Typically, industrial control systems are deployed in step with the physical equipment they are designed to manage. The physical equipment is often orders of magnitude more expensive than the ICS components that ship with it and may be designed for lifespans measured in decades. In short, upgrades seldom occur as they need to be engineered and tested for functionality, safety, and a myriad of other issues pertaining to the existing physical equipment.

This has led to a situation where the groups that understand control systems and processes are naturally (and often generationally) gapped from those groups who understand the current threat and vulnerability landscapes. Consequently, there are currently very few individuals that understand industrial control system security as it relates to the changing threat picture. If the challenge of doing something very few dare to try doesn’t sound good on its own, this is the sound of opportunity knocking. Answer the door!

I’d like to make one last point on this question. Take a look around your house or apartment and count the number of internet-enabled devices you have. Most people these days have far fewer traditional computers than embedded systems – devices that aren’t user-serviceable without breaking a warranty or two. And the hacking skills necessary to modify such devices to fit use cases unintended by the manufacturers seem to come naturally to the younger folk of today. Those skills are also relatively portable to the ICS/SCADA world where embedded systems are the norm. Sure, some of the protocols and hardware packages are somewhat different, but they are all relatively simple compared to what folks are tinkering with at their coffee tables. We can always use more QA/breakers – particularly at key points in the supply chain where issues can be spotted and fixed before they become permanently vulnerable installations. Again I say, “knock knock”!


Brent: You talk a lot about how challenging ICS/SCADA security is. Do you think protecting ICS/SCADA systems in a meaningful way is an attainable goal? Assuming yes, do you think it could be done during what’s left of our careers? Why or Why not?

Mr. Jager: If I didn’t think it was an attainable goal, I’d not be doing the kind of work I’ve done over the past number of years. There are much easier ways to make a buck than to have people who are entrenched in the old way of doing things actively work to prevent you from even introducing discussions about change – let alone actually implementing it!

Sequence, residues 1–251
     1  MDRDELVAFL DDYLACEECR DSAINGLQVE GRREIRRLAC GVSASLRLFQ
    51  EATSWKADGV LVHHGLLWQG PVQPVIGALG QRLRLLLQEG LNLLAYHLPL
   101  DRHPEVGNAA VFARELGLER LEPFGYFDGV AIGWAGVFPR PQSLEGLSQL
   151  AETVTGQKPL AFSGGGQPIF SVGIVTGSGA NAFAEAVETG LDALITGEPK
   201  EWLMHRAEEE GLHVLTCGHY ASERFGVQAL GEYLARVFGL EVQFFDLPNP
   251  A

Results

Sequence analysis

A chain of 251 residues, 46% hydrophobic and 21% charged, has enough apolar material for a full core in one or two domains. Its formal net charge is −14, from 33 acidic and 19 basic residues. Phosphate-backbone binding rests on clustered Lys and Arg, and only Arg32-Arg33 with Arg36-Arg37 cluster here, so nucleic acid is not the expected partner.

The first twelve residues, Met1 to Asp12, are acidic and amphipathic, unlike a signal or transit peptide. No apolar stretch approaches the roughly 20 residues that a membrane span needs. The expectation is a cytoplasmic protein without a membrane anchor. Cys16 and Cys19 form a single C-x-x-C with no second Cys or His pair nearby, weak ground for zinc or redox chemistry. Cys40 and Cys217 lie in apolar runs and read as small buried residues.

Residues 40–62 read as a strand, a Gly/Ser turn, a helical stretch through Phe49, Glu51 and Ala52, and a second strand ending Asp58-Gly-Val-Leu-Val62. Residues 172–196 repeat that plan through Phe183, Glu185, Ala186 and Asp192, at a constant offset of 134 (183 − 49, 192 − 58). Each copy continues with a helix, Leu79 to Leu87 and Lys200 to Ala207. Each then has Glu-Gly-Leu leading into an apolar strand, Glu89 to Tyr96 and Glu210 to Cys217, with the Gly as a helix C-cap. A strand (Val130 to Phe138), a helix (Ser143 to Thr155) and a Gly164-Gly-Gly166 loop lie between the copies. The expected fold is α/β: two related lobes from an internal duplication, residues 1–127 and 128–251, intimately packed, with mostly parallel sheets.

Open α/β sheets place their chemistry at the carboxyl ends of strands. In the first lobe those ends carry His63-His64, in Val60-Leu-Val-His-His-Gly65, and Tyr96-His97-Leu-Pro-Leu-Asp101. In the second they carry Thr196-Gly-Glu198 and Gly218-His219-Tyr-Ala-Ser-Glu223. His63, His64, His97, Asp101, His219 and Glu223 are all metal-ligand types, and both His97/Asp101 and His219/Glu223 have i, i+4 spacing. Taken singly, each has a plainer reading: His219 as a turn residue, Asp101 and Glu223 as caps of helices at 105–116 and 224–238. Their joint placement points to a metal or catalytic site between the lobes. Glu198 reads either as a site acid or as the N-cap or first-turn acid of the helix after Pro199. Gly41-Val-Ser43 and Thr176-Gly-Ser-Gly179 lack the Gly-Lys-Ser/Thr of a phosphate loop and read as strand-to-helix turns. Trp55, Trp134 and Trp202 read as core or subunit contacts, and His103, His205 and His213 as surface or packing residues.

There is momentum in this area, but much work still needs to be done. Devices still ship from manufacturers with easily discerned hardcoded administration credentials, firmware updates are accepted without challenge and more. Once deployed in the field, user passwords seldom change, vulnerabilities discovered post-installation go unmitigated, and so on.

Because we have all this noise around basic security failures and their associated issues, we don’t yet know what constitutes “meaningful” or “attainable” when we speak of complex industrial control systems. A prime example here is that the electric sector is still using the exact same set of controls and asset scoping for its regulated security standards as when I first started working in the sector in 2006. NERC CIP version 1 was in final draft form, and the current requirements catalog will remain largely unchanged until at least 2015 when and if version 5 becomes effective. There have been minor changes in the interim, but not one that comes remotely close to addressing change in the threat landscape.

Will we ever have a perfect system? No. We do, however, urgently need to stop being complacent about the subject and implement those security measures that we can.


Brent: If you had your own ICS system, let’s say you ran Chris’s power company, what would that look like? How would it be protected?

Mr. Jager: It would look very, very “dumb”. Until such time as ICS and other automation technologies are vetted by process engineers – and I’m talking about the entire ICS/automation stack, I would automate only where it was impossible to operate the business or process without it.